Positive Thinking for Seniors Is More Powerful than You Think! 

May is both Older Americans Month and Mental Health Awareness Month, making this an ideal time to focus on the mental health needs of seniors! 

We all experience sadness from time to time — and this is what many people focus on when it comes to mental health. Sadness can affect your daily activities, interfere with your sleep, and make you feel hopeless. On the flip side, positive mental health is the presence of positive emotions, engagement, good relationships, meaning, and accomplishments. Now, more than ever, there are important reasons to embrace positivity, and it involves preserving your cognitive health. 

A New Study Suggests Positivity Has a Major Impact on Cognitive Health 

A recent study published in JAMA (Journal of the American Medical Association) Network Open (an international, peer-reviewed, general medical journal that publishes research on clinical care, innovation in health care, and more), suggests that positive thinking about aging may help people better recover from mild cognitive impairment than those who don’t have a positive outlook on aging. 

For the study, researchers analyzed data from 1,716 older adults, ages 65 and up, who were recovering from mild cognitive impairment. Participants were assessed for how positive they felt about aging. The researchers found that people who had positive thoughts about aging had a 30.2 percent greater chance of recovering from mild cognitive impairment (MCI) than those who had negative thoughts about getting older. And this was true regardless of how severe their MCI was at the start of the study.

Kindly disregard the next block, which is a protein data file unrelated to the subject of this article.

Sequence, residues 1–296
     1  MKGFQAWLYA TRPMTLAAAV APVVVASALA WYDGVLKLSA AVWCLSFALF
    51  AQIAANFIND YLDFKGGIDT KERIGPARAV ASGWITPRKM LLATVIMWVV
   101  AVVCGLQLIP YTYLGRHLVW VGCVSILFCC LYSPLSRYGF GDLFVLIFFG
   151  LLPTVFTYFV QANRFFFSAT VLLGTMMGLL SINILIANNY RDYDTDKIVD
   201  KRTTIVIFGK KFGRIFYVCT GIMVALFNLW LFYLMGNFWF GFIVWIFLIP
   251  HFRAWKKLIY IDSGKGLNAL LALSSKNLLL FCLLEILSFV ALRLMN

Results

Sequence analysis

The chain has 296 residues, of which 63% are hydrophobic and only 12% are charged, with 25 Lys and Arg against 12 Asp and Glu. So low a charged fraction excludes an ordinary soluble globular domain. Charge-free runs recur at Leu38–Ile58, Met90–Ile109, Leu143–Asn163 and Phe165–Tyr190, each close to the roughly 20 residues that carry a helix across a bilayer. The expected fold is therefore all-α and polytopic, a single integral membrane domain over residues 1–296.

The researchers also found that people who had normal cognition at the start of the study and had positive views on aging were significantly less likely to develop mild cognitive impairment over the next 12 years than those who had negative thoughts about getting older! 

How Positive Thinking Affects MCI 

It’s important to point out that the study didn’t find that positive thinking about aging made a person’s mild cognitive impairment go away. Instead, the researchers found that there was a link between people who had a more positive outlook on aging and recovering from mild cognitive impairment. 

According to NYU psychologist Dr. Thea Gallagher, “(i)f you believe that age is a limiting factor, you’re likely going to meet whatever ceiling you place on yourself. If you don’t believe that, maybe it can even help change the function of your brain.” 

When asked why positive thinking can help prevent MCI, lead study author Becca Levy, Ph.D., a professor of psychology at Yale University and professor of epidemiology at Yale School of Public Health, believes that people with positive views on aging may also just have better health habits. She said, “(t)hose with more positive age beliefs tend to have lower stress levels and tend to engage in better health behaviors. Those factors can continue to better cognition or cognitive health.” 

Of course, positive thinking may not work for everyone. According to researchers, the key question is “why does MCI exist?” If MCI exists because Alzheimer’s or other dementia changes exist in the brain, then the prognosis is that the impairment will get worse with time rather than better. A positive outlook may not lead to a curable intervention for MCI. 

Mild cognitive impairment can be an early sign of more serious memory issues, so it’s important to follow up every six to 12 months with a doctor who can keep track of changes in your memory and thinking skills, the NIA says. 

Want to be more of a positive thinker? Martin Seligman, the “Father of Positive Psychology,” Discusses his Views on Positivity